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Prosecutors say Ghislaine Maxwell deserves at least 30 years in prison

British socialite Ghislaine Maxwell should spend at least 30 years in prison for her role in the sexual abuse of teenage girls over a 10-year period by her onetime boyfriend, financier Jeffrey Epstein, prosecutors said Wednesday in written arguments.

Prosecutors said she should serve between 30 years and 55 years in prison, reflecting the federal sentencing guidelines. They made their recommendations to the judge who will preside over a sentencing hearing on Tuesday in Manhattan federal court.

Maxwell, 60, was convicted in December of sex trafficking and other crimes after a month-long trial that featured testimony from four women who said they were abused in their teens.

Defense lawyers said in a sentencing submission last week that she should spend no more than five years in prison and shouldn’t pay for Epstein’s crimes, since he was the mastermind and principal abuser and “orchestrated the crimes for his personal gratification.” Epstein took his own life in 2019 in jail as he awaited a Manhattan federal sex trafficking trial.

Prosecutors disagreed and said Maxwell played an “instrumental role in the horrific sexual abuse of multiple young teenage girls” between 1994 and 2004 at some of Epstein’s palatial residences. They called her crimes “monstrous.”

“As part of a disturbing agreement with Jeffrey Epstein, Maxwell identified, groomed, and abused multiple victims, while she enjoyed a life of extraordinary luxury and privilege. In her wake, Maxwell left her victims permanently scarred with emotional and psychological injuries,” prosecutors wrote.

“That damage can never be undone, but it can be accounted for in crafting a just sentence for Maxwell’s crimes.”

“Maxwell was an adult who made her own choices. She made the choice to sexually exploit numerous underage girls. She made the choice to conspire with Epstein for years, working as partners in crime and causing devastating harm to vulnerable victims,” they went onto say.

Prosecutors said nearly all of the $22.5 million in assets that Maxwell claimed in a bail proposal that was never granted was given to her by Epstein.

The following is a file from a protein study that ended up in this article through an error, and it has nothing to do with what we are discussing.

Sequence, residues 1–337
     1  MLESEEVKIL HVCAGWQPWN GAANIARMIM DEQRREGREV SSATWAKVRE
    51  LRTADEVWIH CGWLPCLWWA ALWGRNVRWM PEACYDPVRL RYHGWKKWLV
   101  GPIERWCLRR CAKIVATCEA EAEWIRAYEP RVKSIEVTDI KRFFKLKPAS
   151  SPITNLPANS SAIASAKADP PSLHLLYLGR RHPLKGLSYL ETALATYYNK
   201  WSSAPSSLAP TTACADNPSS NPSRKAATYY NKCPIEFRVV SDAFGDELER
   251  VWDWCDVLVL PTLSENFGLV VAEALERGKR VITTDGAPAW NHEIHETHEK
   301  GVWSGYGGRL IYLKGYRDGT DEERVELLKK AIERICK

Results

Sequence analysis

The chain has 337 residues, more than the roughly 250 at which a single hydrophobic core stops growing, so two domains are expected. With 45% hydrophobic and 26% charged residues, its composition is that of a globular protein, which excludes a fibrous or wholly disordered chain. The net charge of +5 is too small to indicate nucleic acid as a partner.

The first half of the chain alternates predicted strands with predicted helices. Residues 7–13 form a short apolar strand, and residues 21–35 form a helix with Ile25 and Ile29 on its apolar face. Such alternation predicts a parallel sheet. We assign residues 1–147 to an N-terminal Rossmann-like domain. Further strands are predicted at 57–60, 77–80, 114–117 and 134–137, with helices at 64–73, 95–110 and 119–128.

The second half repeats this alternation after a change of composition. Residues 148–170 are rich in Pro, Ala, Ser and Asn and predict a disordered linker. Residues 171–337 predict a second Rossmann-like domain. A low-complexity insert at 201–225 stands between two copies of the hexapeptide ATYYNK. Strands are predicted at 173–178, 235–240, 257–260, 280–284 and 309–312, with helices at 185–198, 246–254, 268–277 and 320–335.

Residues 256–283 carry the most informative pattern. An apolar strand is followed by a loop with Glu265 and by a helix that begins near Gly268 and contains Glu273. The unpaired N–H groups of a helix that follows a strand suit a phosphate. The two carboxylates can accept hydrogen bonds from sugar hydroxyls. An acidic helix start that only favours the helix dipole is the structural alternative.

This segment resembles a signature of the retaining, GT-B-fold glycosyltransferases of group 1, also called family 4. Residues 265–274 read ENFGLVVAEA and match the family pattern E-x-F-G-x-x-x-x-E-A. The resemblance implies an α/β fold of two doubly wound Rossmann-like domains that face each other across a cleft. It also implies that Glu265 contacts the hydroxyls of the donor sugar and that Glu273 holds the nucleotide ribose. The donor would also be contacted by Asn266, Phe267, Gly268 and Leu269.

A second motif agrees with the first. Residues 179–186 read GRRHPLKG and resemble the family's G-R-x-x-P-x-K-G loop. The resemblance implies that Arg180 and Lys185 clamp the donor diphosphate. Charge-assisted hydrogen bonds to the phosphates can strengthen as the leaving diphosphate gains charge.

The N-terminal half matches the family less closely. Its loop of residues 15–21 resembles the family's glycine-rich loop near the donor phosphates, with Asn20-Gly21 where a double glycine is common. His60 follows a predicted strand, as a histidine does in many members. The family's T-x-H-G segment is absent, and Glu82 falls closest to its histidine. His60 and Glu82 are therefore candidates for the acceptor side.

“The defendant’s access to wealth enabled her to present herself as a supposedly respectable member of society, who rubbed shoulders with royalty, presidents, and celebrities. That same wealth dazzled the girls from struggling families who became the defendant and Epstein’s victims,” prosecutors said.

Prosecutors also urged the judge to reject Maxwell’s pleas for leniency on the grounds that she has suffered in extraordinary ways in jail while awaiting trial and afterward. Defense lawyers said she has faced death threats and harsh conditions that have caused her to lose hair and weight.

The sentencing submission also included quotes from letters written to the judge by women who testified during the trial, including Kate, an ex-model from Great Britain who said, “the consequences of what Ghislaine Maxwell did have been far reaching for me.”

“I have struggled with, and eventually triumphed over, substance use disorder. I have suffered panic attacks and night terrors, with which I still struggle. I have suffered low self-esteem, loss of career opportunities. I have battled greatly with feeling unable to trust my own instincts, in choosing romantic relationships,” she wrote.

ARTICLE: PAUL MURDOCH 

MANAGING EDITOR: CARSON CHOATE

PHOTO CREDITS: BOSTON GLOBE

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